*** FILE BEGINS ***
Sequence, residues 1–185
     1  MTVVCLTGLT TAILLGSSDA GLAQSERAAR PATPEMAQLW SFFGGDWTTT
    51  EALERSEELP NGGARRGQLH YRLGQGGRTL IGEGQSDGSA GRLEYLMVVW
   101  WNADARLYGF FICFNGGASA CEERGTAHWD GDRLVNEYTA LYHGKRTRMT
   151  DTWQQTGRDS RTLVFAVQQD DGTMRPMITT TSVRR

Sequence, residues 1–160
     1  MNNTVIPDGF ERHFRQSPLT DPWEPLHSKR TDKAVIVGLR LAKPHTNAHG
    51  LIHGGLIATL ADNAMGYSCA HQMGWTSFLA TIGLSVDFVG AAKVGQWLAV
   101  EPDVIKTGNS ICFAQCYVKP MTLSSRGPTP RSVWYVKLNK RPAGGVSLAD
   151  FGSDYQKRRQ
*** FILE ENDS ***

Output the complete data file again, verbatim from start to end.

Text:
Sequence, residues 1–185
     1  MTVVCLTGLT TAILLGSSDA GLAQSERAAR PATPEMAQLW SFFGGDWTTT
    51  EALERSEELP NGGARRGQLH YRLGQGGRTL IGEGQSDGSA GRLEYLMVVW
   101  WNADARLYGF FICFNGGASA CEERGTAHWD GDRLVNEYTA LYHGKRTRMT
   151  DTWQQTGRDS RTLVFAVQQD DGTMRPMITT TSVRR

Sequence, residues 1–160
     1  MNNTVIPDGF ERHFRQSPLT DPWEPLHSKR TDKAVIVGLR LAKPHTNAHG
    51  LIHGGLIATL ADNAMGYSCA HQMGWTSFLA TIGLSVDFVG AAKVGQWLAV
   101  EPDVIKTGNS ICFAQCYVKP MTLSSRGPTP RSVWYVKLNK RPAGGVSLAD
   151  FGSDYQKRRQ